When Gluttony debuted in 2010, it was a food and wine festival first and foremost.
It returned in 2011 as an Adelaide Fringe hub but in the years since, as other Fringe venues continued to raise the bar for festival fare, the smaller capacity Gluttony struggled to compete.
This year, though, it’s finally living up to the name.
“We were too small and we didn’t have enough foot traffic to have a lot of food vendors in the past,” Gluttony director Daniel Michael says. “But we’ve grown quite a bit these last three years … [and this year] Fringe Club has moved – partly because of the O-Bahn [extension], partly to help us expand – so we’ve got a lot of space all the way back to the [Adelaide] Bowling Club. So we can finally realise that dream of having a range of food.”
In 2018 the festival experience is synonymous with good food and good booze. Music and arts events around the country – and the world – are recruiting high-end chefs and sommeliers to curate their menus, and expectations are high.
Michael and business partner Elena Kirschbaum have enlisted some hospo industry leaders to elevate the offering. Adelaide-born sommelier – and childhood friend of Michael’s – Felix Stoffel has been snapped up from Mona in Hobart to head the Rosemount wine bar. He’s curated a wine list from the label’s extensive portfolio. Guests can sample several with a wine flight before a show.
Udaberri founder Rowan Edwards has also come on board. He’s worked with the team to improve the bars and food stalls, which have more than doubled in number this year. New additions include East End Thai favourite Sukhumvit Soi 38, Niño’s Lamesita pop-up The Filipino Project and Plant 4 regular Cheese-a-holics. There will also be Vietnamese, Nepalese and Greek cuisine, plus pizzas and toasties.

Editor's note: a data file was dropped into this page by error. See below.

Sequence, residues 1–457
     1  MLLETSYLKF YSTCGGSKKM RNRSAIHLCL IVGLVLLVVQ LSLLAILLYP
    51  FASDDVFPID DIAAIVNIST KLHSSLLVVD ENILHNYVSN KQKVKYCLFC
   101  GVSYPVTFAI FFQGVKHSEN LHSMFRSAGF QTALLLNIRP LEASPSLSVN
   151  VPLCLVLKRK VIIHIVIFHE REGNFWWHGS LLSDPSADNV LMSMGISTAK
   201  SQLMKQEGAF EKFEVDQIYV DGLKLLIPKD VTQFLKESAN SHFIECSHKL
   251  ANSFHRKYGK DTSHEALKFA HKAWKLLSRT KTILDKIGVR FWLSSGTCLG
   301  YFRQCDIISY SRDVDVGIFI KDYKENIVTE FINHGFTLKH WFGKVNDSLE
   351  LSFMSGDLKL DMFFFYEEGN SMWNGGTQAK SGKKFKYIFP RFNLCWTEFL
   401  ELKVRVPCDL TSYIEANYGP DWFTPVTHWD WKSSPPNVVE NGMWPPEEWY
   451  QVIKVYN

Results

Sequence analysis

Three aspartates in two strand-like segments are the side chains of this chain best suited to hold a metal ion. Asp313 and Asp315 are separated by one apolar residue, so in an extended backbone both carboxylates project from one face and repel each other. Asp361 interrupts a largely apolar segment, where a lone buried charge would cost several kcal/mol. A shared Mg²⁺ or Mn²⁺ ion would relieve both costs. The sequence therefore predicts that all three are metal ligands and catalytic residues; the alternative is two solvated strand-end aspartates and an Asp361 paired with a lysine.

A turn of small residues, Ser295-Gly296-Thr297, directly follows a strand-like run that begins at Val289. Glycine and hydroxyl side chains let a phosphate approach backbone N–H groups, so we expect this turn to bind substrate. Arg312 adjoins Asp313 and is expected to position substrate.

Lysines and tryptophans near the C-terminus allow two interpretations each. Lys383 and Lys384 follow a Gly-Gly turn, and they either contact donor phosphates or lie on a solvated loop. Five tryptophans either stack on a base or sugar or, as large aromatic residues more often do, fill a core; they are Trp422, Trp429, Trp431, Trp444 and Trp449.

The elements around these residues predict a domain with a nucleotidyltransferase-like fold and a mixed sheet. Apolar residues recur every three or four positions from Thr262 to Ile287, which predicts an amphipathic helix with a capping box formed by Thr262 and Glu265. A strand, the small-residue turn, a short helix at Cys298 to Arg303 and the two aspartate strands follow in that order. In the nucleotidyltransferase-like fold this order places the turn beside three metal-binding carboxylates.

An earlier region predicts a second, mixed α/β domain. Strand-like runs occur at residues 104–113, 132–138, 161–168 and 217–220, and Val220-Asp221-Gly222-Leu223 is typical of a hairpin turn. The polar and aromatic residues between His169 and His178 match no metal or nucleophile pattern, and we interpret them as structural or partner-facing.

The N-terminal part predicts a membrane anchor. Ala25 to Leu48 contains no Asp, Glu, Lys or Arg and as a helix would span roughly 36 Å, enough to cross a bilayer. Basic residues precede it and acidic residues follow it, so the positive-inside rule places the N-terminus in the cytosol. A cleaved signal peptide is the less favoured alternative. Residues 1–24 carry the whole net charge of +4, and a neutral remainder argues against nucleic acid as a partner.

A new cocktail bar – constructed out of an old corrugated iron rainwater tank by carpenter Sam Weckert (ex-RCC) – will be the setting for a line-up of Espresso Martini's, Aperol Spritz's and its signature drink: Pampero Rum with fresh sugar cane juice and a squeeze of cumquat.
The expanded site, with decor overseen by site designer Cassie Sibbin, now stretches the length of Rymill Park from east to west. Its eastern end opens out to lakefront fixture, Arnie’s kiosk, which will be open for coffee and lunch.
More space means the arts program has expanded too; the number of venues this year has increased from eight to 12. Despite the new and improved menu, Michael is quick to restate Gluttony’s mission: “We want Gluttony to be an arts focused hub,” he says. “Yes, we have an expanded food offering this year but that's driven by space and capacity rather than us trying to become a food court. That’s not our key goal. The site is licensed for 6,500 people, so 13 stalls is not a lot for that number of people.
“For us the food and wine offering is more about quality over quantity. The focus is always about shows. That’s always our primary goal.”
Gluttony runs from February 16 to March 18 at Rymill Park. More than 140 shows across cabaret, circus, comedy, dance, music and theatre are on over the four weeks. For the full program and to buy tickets visit gluttony.net.au.